The obvious questions, then, should be twofold: (1) how have they been so good and (2) is it the sort of thing that we can expect to continue?
First, let’s tackle the “how” part. The Indians have made 33 starts so far this year, and have pitched exactly 208 innings. That averages out to almost exactly 6 1/3 innings per start.
Is that good? I don’t know. Let’s check:
So yeah: it’s pretty good. But not great. After all, the White Sox are getting about one more out per game out of their starters than we are, as are the A’s and Rays.
Let’s compare the 2011 team to past iterations of the Indians using the innings-pitched-per-start stat.
The 2011 starting rotation is currently on pace to throw about 1,020 innings—or almost exactly as much as the 2007 Indians did. Before we get too carried away, we should note a couple of things: (1) it’s particularly early to be extrapolating like this; and (2) only about two staffs per season pitch over a thousand innings—so there’s a good possibility that quite a few teams will see some drop off from their starters in the coming months.
Still, I bring up innings pitched for a couple reasons. For one thing, the more outs the starters get, the fewer outs the bullpen needs to record—which is generally a good thing since the bullpen is largely a group of failed starters. Your best pitchers are in your rotation, so if possible, you’d like them to get as many outs as possible.
The second reason is related, though slightly different: the more innings the starters eat now, the more rested our bullpen will be for the rest of the season. Generally, overworked bullpens become less effective as the season goes on; we’ll look into demonstrating this another time, but it should be fairly evident.
So at least part of the reason the rotation has been so good has been their durability. But if we only give them credit for the quantity of innings they’ve pitched, we’d be missing the exceptional quality of those innings.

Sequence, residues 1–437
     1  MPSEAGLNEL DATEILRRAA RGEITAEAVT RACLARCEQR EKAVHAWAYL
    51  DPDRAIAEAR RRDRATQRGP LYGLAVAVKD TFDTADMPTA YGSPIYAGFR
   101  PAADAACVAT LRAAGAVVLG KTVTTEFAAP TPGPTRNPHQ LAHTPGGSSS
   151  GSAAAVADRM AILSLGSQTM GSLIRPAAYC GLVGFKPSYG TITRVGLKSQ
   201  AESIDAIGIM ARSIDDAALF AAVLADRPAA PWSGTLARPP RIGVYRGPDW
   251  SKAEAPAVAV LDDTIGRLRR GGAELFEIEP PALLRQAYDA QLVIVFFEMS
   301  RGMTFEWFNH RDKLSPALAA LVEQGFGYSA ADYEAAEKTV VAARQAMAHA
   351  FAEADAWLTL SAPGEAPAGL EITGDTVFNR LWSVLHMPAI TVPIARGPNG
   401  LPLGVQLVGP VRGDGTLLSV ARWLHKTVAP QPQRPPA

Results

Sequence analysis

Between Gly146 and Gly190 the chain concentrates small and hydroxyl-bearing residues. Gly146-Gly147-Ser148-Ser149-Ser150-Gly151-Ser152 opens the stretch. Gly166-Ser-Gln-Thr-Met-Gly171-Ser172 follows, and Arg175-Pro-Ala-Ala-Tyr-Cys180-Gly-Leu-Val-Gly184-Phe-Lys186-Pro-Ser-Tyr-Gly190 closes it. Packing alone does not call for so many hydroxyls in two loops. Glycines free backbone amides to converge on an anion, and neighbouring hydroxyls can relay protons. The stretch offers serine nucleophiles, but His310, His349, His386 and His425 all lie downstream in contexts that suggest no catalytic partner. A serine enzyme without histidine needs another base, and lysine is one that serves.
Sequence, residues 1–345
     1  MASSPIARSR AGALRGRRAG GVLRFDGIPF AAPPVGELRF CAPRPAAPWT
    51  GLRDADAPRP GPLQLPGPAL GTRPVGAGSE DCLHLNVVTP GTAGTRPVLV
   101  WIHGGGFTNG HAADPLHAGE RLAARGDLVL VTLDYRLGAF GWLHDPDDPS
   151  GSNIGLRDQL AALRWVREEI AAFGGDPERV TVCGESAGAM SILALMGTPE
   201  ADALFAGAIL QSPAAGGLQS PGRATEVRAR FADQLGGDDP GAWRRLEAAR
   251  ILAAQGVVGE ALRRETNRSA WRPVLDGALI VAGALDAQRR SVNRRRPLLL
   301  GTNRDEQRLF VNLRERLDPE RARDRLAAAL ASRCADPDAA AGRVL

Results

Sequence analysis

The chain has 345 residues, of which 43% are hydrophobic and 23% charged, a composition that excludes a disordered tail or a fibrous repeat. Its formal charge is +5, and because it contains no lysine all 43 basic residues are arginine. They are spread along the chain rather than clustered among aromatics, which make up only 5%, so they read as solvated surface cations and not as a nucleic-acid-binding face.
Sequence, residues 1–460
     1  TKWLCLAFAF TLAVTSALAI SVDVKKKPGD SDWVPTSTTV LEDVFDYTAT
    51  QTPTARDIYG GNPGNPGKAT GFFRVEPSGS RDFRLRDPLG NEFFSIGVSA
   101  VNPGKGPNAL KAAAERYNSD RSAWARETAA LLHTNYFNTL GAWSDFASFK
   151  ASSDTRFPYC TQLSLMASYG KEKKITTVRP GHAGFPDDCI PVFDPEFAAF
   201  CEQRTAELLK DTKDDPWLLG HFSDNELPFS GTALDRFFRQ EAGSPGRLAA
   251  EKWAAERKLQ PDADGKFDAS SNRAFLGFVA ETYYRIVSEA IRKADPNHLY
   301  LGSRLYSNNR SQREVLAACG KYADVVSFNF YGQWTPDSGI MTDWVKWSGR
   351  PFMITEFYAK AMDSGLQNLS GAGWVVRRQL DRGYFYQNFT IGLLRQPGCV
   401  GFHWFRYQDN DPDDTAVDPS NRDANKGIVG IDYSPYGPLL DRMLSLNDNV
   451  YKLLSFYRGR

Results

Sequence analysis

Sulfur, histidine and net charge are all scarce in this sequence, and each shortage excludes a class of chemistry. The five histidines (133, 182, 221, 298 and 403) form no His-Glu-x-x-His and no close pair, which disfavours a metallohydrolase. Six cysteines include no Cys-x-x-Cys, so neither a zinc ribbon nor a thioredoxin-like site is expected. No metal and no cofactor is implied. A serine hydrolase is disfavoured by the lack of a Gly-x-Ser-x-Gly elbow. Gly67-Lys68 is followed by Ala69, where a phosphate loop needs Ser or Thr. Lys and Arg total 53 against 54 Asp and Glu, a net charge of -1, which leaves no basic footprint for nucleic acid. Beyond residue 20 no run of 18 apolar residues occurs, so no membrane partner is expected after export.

Case in point: the White Sox’ starters, as has been noted, have averaged more outs per game than the Indians. Does that make them better? Well, not really—at least not by much.
In 22 more innings (and two more starts), the White Sox have sustained a slightly higher K-rate and BB-rate than the Indians. Both of these even out to suggest that their starters have pitched exactly as well as the Indians’ (they have identical FIPs).
On the one hand, this may insult you. You might be thinking that there’s no way I should be comparing these two staffs. After all, the Indians starters have a 15-6 record while their Southside counterparts are a measly 10-17. But I’m sure you’re savvy enough to realize that W-L records for pitchers are not all that illustrative, especially when discussing sample sizes this small.
But ignoring that for a moment, if I told you that coming into the season that no rotation in the AL central would be performing better than the Indians after six weeks, I have to think you’d have taken it, right? Well, back to the FIP charts:
And that’s the thing. Sure, we have the best ERA in the division by quite a bit right now; that’s excellent news. But when you strip out all the good luck we’ve had—stranding runners and abnormally low batting average on balls in play—we’re still pitching just as good as any team in the division. And we’re doing it with the same old pitching statistics I always harp on: strikeouts, walks, and homeruns.
Here is the division’s starters ranked by K/BB ratio, a fairly good judge of how well a team is pitching (anything above 2.00 is above average; above 2.50 is very good):
Second best in the division. For reference, 2010 the rotation’s K/BB ratio was 1.62—the worst in the AL by a considerable margin.
And here is the HR-rates*:
Best in the division and fourth best in the AL.
*I’m using HR/9 instead of HR/FB because I think the Indians’ staff effectively limits flyballs with their sinker-heavy repertoire. If you’re more of a fan of HR/FB, here are the numbers:
So while the Indians’ rotation has been plenty lucky this Spring, they’ve also been demonstrably good and certainly better than they were a year ago. As I said, most of this you already know.
But the youth of the staff suggests, to me at least, that these guys are learning to pitch more effectively than they have in the past, and the adjustments are finally starting to pay off. This staff isn’t just getting lucky. The skills they’ve demonstrated over the first six weeks are just that: skills. And skills are generally a lot more repeatable than luck. So as tentatively as I might say this, I’m still gonna say it: we should expect this staff to continue to pitch well.
Whether it’s a sagacious coaching staff, a new work ethic, or plain old maturation, it’s good to see this group learning how to pitch in a way that might be sustainable. We’re going to need it.
(AP Photo/Mark Duncan)